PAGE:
Should food stamps come with restrictions on junk food? | The Tylt

Should food stamps come with restrictions on junk food?

Lawmakers often propose placing restrictions on food stamps to prevent recipients from wasting money. On the surface, it seems like a good idea—people will make better food choices while saving taxpayers money. Critics say restrictions would be nearly impossible to implement and would further stigmatize the poor. What do you think?

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Should food stamps come with restrictions on junk food?
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Banning food stamp recipients from buying junk food is a logical move. If taxpayers are giving money to someone, that person should be expected to use that money the best way possible. There's a difference between money you earn and money you are given—the latter should come with strings attached. 

Butt said that the current rules — which prohibit recipients from using food stamp dollars on tobacco products, alcohol and hot, prepared foods, but say nothing about calorie content — mean taxpayers are “supporting unhealthy lifestyle choices.”⠀⠀⠀⠀⠀⠀⠀⠀
“I go into convenience stores almost every day and see the most non-nutritional foods on the counters and in the aisles marked ‘EBT Approved,’” Butt said. “By allowing their purchase with EBT cards, we are actually enhancing diabetes, high blood pressure, high cholesterol and obesity in at-risk communities.”She argued that the EBT junk-food ban would be similar to laws that govern what kinds of food can be served in public school cafeterias. Many of the EBT-approved sweets and snacks are banned from student lunchrooms, Butt said.
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Anti-hunger advocates say placing restrictions on the poor would ultimately hurt them. Figuring out what should and should not qualify is a gargantuan and highly subjective task. 

There are compelling reasons not to impose new rules on what food stamps can buy, according to anti-hunger groups. Making low-income families in the grocery line pay separately for forbidden foods would be cumbersome and potentially stigmatizing, they argue. And banning certain products would make the government the arbiter of which foods are “good” and which ones are “bad.” With some 40,000 products in the average grocery store, the task would be herculean, not to mention costly. Would orange juice count as “good”? What about Sunny D or Gatorade? Multiply that quandary by the thousands, and that’s the puzzle that government regulators would face.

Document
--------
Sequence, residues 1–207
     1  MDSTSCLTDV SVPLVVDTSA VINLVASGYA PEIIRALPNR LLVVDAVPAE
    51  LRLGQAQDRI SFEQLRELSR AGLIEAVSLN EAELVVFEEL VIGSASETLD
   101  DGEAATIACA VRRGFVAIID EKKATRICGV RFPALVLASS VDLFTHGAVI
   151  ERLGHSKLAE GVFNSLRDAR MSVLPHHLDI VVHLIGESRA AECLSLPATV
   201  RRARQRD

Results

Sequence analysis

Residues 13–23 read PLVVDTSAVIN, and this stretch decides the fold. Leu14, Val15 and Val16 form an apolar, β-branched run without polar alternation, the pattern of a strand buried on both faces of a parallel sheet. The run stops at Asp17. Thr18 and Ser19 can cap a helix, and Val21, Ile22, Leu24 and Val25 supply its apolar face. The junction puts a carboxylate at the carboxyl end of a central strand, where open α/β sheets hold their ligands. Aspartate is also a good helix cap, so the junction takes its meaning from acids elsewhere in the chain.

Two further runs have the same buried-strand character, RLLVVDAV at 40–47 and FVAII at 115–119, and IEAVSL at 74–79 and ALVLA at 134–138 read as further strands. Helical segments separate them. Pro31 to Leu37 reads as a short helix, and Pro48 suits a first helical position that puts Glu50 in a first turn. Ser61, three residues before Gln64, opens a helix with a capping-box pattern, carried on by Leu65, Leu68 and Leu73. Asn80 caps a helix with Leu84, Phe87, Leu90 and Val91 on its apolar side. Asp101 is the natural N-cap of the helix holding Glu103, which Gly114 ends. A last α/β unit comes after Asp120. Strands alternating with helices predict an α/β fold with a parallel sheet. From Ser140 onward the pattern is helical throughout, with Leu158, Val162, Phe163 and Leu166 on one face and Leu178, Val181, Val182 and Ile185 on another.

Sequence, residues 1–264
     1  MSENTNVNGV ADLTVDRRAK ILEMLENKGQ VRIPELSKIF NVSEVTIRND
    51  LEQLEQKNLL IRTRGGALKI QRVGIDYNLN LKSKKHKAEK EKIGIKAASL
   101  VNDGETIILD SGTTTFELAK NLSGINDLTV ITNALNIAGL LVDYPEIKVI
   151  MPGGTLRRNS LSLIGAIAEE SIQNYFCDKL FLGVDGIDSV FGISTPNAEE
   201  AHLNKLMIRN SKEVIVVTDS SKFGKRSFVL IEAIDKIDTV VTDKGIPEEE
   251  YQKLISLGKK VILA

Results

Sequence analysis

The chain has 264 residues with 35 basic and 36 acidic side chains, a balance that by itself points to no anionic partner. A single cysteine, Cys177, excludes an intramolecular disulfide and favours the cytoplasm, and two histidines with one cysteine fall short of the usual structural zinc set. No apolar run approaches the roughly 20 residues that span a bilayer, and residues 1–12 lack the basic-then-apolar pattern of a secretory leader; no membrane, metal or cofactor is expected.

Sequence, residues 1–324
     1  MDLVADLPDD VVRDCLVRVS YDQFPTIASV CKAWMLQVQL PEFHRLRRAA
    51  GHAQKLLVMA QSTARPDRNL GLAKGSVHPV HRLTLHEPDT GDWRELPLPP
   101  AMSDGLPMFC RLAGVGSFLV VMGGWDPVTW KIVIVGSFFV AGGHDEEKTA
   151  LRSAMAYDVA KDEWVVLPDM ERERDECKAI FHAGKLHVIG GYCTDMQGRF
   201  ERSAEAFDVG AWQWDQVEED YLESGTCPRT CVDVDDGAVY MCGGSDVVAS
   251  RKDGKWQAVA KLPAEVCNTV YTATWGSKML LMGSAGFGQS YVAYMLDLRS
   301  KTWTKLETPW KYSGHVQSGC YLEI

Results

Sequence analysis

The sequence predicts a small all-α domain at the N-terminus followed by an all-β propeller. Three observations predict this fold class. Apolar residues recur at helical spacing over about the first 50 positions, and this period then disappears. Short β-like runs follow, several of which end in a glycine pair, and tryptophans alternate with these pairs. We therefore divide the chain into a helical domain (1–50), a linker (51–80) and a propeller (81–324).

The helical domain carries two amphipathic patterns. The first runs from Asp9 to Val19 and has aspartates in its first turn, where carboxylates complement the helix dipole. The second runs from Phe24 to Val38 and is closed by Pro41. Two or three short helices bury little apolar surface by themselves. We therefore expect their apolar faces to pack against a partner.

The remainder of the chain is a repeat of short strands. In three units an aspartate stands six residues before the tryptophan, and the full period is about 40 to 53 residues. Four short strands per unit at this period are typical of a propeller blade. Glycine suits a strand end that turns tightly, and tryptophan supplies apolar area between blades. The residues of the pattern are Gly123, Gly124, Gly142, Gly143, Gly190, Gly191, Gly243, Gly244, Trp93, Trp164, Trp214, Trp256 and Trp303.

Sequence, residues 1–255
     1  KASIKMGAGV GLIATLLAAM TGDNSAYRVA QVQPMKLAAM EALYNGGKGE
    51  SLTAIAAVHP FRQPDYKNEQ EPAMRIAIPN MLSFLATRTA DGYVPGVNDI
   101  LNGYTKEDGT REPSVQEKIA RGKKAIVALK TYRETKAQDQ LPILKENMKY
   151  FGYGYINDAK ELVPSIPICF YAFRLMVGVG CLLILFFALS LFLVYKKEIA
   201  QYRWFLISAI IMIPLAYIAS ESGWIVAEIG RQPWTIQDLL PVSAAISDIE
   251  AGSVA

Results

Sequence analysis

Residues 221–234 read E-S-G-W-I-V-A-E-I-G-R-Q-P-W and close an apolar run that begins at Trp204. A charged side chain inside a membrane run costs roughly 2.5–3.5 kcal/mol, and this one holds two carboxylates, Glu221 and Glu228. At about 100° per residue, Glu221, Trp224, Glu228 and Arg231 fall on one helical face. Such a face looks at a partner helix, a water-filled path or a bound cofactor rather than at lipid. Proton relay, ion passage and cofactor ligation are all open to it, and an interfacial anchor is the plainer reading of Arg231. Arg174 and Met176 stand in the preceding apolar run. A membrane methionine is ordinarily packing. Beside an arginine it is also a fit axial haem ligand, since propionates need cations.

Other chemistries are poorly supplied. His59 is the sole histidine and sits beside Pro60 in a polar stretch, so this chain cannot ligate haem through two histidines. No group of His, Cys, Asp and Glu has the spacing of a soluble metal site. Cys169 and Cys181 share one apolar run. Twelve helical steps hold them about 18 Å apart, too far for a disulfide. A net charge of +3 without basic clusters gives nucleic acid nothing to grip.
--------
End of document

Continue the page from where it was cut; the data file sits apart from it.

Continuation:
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Besides that, stretching food stamps to feed a family is extremely difficult. A family of four can expect an average of $465 per month to help feed themselves. If you do the math, it roughly comes out to $3.88 per person each day. That's not much.

Factor in the fact that the poor are often in food deserts and restrictions stop making sense. People buy junk food because it's cheaper than the fresh organic stuff. The poor are not out to game the system to live a life of luxury—they're just trying to survive. 

Instinctively, I'd find myself on the side of the reformers—anything to ratchet down Americans' consumption of empty calories. But deeper into the aisles of Dollar General, I begin to waver. Helber asks me to consider a single mother supporting two kids on a wage of about $9.50 an hour—a typical income for the people served by her food bank, even amid Austin's ever-soaring tech economy. Helber points out some of the hard decisions the mother would have to make. At $5, a pound of hamburger would be a solid choice—but she'd still have to get buns, condiments, and sides. By contrast, individual pepperoni pizzas are just a buck each, as is a five-pack of chicken-flavored ramen noodles.
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FINAL RESULTS
Politics
Should food stamps come with restrictions on junk food?
A festive crown for the winner
#DontShamethePoor
#DontWasteOurMoney